To heaven in a coke bottle
I always thought I would want to be cremated. I'd never thought of departing this world in a giant fish. Or a coke bottle, a chicken, a saw, a cow, or a cell phone. But that's how the Ga people send their loved ones off. The Ga, who live on the coast of Ghana, take the art of death very seriously. They believe in an afterlife and make sure their loved ones travel to that new world in real style.
Carpenters celebrate the lives of the deceased by decorating their coffins in a fitting tribute to them. The coffin will be a new home for the departed, so it makes sense that it should be beautiful – and appropriate. You were a seamstress; you're buried in a giant sewing machine. A fisherman; you get a giant fish. A carpenter, a saw.
Fond of beer? You're buried in a bottle of lager. Chain smoker? A cigarette. Constantly talking to your friends? A cell phone could be your final resting place.
I guess this means I'd be buried in a laptop or a giant pen, which doesn't sound all that glamorous. I think I'd prefer a fish.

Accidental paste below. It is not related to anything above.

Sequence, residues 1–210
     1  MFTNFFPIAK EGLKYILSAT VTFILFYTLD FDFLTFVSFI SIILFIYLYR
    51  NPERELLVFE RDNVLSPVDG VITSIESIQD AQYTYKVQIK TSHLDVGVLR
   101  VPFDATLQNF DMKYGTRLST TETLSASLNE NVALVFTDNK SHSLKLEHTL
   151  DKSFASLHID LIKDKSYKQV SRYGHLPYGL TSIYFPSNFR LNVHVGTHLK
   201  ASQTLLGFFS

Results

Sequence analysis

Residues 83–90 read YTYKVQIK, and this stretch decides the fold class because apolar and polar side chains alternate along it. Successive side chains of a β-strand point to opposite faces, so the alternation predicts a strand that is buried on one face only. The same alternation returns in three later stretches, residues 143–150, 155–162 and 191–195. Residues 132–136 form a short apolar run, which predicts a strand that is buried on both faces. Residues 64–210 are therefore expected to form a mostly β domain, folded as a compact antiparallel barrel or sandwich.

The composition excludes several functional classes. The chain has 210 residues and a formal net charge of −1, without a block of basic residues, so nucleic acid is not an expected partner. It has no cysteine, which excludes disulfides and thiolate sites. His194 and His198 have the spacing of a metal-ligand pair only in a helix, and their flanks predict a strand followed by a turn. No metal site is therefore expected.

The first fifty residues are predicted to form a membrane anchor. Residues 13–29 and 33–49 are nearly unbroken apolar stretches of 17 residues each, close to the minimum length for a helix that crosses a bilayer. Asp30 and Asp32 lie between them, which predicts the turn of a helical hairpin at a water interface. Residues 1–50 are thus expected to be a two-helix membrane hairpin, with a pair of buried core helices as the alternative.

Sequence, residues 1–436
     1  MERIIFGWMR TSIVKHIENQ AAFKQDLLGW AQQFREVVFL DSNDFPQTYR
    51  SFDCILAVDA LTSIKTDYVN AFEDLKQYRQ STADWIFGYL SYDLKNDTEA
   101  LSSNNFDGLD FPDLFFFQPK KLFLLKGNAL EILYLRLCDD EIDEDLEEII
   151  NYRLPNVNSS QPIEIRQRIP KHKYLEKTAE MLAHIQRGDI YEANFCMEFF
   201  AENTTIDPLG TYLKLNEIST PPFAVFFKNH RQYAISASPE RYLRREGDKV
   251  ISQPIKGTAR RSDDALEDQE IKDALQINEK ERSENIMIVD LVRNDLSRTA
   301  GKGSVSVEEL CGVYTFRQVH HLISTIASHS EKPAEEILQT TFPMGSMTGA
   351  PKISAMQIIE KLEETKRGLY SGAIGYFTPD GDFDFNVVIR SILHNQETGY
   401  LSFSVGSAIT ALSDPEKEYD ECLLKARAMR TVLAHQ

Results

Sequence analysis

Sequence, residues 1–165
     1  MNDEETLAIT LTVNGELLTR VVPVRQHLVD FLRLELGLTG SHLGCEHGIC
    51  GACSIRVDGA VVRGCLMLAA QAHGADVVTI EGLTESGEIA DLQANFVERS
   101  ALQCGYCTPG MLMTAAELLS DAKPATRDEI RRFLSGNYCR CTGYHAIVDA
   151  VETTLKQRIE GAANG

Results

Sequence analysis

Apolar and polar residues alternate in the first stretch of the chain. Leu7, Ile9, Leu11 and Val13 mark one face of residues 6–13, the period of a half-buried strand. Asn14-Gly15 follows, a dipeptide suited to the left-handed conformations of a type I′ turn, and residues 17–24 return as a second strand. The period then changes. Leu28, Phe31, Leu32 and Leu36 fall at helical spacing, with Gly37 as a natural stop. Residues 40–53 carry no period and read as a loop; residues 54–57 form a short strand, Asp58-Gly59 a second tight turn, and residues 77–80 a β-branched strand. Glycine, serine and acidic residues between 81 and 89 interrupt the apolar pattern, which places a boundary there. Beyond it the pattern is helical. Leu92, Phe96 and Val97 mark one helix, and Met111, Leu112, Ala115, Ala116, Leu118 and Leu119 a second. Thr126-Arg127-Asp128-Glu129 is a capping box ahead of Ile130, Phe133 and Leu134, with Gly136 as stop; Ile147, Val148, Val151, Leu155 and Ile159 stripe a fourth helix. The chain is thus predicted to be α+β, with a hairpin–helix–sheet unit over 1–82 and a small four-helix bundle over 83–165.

They do sharks too but, although it would look great, it probably wouldn't really be me. A dragon would be cool, though. Or a giant thistle (in tribute to my Scottish heritage).
The creation of these Ga coffins is a real labor of love, so much so that it's sometimes hard to let them be buried. Says Ablade Glover, an artist who works with the carpenters, 'By the end of the day, they are going to bury this thing, which has taken so much time, so much energy.'
Inevitably, like Navajo sandpaintings that were always meant to symbolize impermanence, these coffins have found a niche in the souvenir market. These days, you can even buy them online, and have them fully customized.
So if you really, really want that coke bottle coffin, it's good to know you can get one – for a price (about $600). A bargain for the best-looking funeral in town. RM